By allowing ads to appear on this site, you support the local businesses who, in turn, support great journalism.
Cotton: Even police targeted by scammers
Placeholder Image

I was riding down a street in Covington recently listening to consumer advocate Clark Howard giving advice on WSB radio. A lady called in to ask how to handle a situation involving a company posing as a form of Yellow Pages. She had a business that relied heavily on Yellow Pages advertising so she knew it was important to have current advertisement in the book, but when she read the bill closely she realized it was not the real thing.

These people had not only sent her a bill for something she would not receive but also a bogus past-due notice for advertising. This lady was warning listeners of this scam and to let people know that scammers will go to great lengths to rip you off.

Here's where the story gets interesting.

After the call ended, I remembered that my assistant, Lerea Neely, had asked me a week before about how I wanted the Covington Police Department listed in the Yellow Pages. She told me that the bill seemed to have things listed improperly so she wanted to correct it if possible. Now to say I'm blessed to have Lerea keeping me straight is an understatement. (Most of you know Lerea from the former Main Street Bank where she worked with my dear friend Mr. Ron Carter whom we all miss!) Because she worked for the bank, she was trained to take a close look at all documents. She kept looking at the invoice and realized this was not the Yellow Pages but that same group the lady had called Clark Howard about.

I called her from my car and told her of the Clark Howard show and she told me that was the same issue she had found with our invoice. She kept looking for information that would seemingly be there if the invoice was legitimate such as an address, AT&T logo, or a contact name. None was found. She did find a toll-free telephone number, but of course those people didn't want to discuss the bill and told her to not worry about it. You see, even a police department is not immune from scams. Good job, Lerea.

In this world of Internet, digital copiers, and various other technologies that help people reach out to hundreds of thousands if not millions of people, scammers have more opportunities than ever to rip you off.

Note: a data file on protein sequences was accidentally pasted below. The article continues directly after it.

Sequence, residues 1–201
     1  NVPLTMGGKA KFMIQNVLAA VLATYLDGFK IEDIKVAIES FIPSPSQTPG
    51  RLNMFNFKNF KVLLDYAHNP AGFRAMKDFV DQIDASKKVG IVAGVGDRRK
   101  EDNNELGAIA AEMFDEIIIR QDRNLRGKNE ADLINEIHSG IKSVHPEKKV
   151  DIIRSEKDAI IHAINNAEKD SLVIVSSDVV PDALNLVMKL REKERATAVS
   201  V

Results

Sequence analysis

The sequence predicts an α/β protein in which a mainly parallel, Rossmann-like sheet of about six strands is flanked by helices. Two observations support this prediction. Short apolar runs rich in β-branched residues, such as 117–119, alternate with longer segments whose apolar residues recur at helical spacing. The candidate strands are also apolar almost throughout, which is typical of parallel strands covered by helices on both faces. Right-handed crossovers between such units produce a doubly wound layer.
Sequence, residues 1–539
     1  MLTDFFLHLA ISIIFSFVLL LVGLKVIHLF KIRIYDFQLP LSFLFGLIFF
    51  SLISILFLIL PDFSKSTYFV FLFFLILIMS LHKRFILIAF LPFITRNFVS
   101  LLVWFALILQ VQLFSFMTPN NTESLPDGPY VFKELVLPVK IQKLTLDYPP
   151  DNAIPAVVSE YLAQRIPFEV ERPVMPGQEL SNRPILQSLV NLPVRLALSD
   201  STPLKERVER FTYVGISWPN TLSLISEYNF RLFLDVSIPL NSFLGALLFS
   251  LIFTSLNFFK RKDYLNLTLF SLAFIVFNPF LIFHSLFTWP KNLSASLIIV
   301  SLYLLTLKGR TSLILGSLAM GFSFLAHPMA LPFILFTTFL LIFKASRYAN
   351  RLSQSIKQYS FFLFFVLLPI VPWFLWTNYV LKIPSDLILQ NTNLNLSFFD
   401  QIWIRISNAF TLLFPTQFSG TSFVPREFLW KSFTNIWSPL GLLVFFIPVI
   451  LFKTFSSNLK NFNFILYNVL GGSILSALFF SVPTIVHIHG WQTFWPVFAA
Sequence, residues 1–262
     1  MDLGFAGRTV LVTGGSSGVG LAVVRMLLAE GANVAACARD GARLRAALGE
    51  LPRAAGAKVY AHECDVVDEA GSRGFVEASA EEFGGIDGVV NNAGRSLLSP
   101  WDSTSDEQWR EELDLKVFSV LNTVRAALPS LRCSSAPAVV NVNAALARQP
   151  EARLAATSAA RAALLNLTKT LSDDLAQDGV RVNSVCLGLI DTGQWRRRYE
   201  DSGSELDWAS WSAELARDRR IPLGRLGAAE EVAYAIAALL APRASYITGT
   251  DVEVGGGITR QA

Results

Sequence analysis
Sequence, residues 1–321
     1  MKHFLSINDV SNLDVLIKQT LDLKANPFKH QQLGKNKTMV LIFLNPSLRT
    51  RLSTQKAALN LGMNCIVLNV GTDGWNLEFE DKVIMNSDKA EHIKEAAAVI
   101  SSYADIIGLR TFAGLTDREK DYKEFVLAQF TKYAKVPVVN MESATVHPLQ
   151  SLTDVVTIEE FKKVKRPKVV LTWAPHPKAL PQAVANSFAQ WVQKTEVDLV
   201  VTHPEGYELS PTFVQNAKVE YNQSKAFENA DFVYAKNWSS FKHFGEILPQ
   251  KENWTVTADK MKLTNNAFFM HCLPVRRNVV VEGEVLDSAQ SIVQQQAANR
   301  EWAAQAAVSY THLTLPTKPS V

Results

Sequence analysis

So how can you protect yourself?

Well, like Lerea and the lady on the radio, you need to know your business.

Pay attention to details, read all correspondence and if you are unsure of the details, call the company that sent it to you. If you can't easily find how to contact the company, that should be a major red flag that something is not right.

If the company is one that you know you haven't done business with and they are demanding past payments, by all means don't pay it.

Whatever you do, never give out a credit card number over the phone or access to your bank account if you are unsure with whom you're doing business.

It is easy to worry that your reputation is at stake if you are one who pays all bills on time. Your reputation is what the scammers are counting on. Don't rush to pay until you are sure it is a legitimate invoice or bill.

Scamming comes in many different forms.

As noted from the caller and from the invoice sent to the police department, some scammers send out bogus bills in hopes that you are too busy to do more than just scam the bill and just pay it. Others try to sell you something or provide a service that is not what it seems.

A great rule of thumb is never to do business with someone you didn't seek out for that service. Ask yourself why would I want my house painted by the guy who just showed up at my door. Why would I give money to a person who I don't know before I ever see any work done on my house that I didn't seek out the service myself?

People will try to sell you anything, and if the deal seems too good to be true, it probably is.

If you need work done, rely on your family, friends, local church, and other trusted business people to guide you in the right direction.

If you ever have a question about a service someone is offering, get their telephone number and tell them you want to think about it. If they pressure you, then you know something is wrong. If you feel really uncomfortable, please call 911 and have an officer come out and discuss the situation with you.

Finally, if you feel you were a victim of a scam or attempted scam, please call the Covington Police Department so that we can attempt to stop the activity before someone else is a victim. Please use due diligence and play it safe.